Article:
The campaign to qualify a recall election against Councilman Scott Peotter is employing deception and false allegations in order to convince voters to sign the recall petition.
OC Daily reported last week on a paid recall petition circulator falsely claiming Peotter wants to allowing development on the actual beach.
These two ladies were manning a recall table in front of the Balboa Island post office on Friday:
According to the Newport Beach resident who took the photo, they painted Peotter as a carpetbagger who had only lived in Newport Beach for six months prior to his election to the City Council in 2014. In fact, Peotter moved to Newport Beach since 2003, and served on the city Planning Commission from 2006 to 2010. His children graduated from Corona Del Mar High School.
They further claimed Peotter “illegally” used the city seal for religious, prompting the person respond that every city council meeting begins with a prayer offered by a local pastor or rabbi. They also falsely claimed Peotter doesn’t really live in Newport Beach, but instead rents a room.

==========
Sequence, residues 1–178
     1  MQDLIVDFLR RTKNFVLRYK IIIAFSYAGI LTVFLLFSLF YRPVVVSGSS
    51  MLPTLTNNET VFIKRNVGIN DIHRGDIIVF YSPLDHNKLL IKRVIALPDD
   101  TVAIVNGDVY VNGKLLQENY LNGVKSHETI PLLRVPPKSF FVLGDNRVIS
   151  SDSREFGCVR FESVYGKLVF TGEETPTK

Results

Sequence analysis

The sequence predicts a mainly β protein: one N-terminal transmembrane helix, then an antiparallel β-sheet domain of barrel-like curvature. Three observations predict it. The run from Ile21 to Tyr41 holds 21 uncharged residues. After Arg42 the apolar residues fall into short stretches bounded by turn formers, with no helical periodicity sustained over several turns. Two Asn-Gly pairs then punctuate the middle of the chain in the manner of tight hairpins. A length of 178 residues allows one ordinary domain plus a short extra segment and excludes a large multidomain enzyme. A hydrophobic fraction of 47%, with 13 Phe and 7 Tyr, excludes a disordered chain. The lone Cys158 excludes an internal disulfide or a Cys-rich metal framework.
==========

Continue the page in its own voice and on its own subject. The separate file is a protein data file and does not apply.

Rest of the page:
Another Newport Beach resident passed along this account of a recall petition circulator knocking on his door:
“I just had a kid come to my front door on Lido, asking if I would sign the recall petition. I, of course, said I would not. I told him that I had good communications with you about city issues in the past, when Councilman Curry and others would not even respond. He said he was 18 years old. He said Scott Peotter has sexual assault charges against him, and his policies will worsen the parking problem we have on Lido. I told him I questioned that. He then said they are accusations, not charges of sexual assault. I quizzed him as to why he was going door to door, and he said he was interested in the issues. And besides he said, “me and my buddies are getting $2 for each signature we get.” I wonder who is paying the boys?”
Carpetbagger. Law-breaker. Sex offender. Out-of-control developer. All false. All being alleged by recall Peotter campaign circulators. It’s not uncommon for petition circulators to stretch the truth – or manufacture it altogether – in order to convince voters to sign their petition. Nonetheless, it is direct reflection on the character and desperation of recall sponsors, and the worthiness of their cause.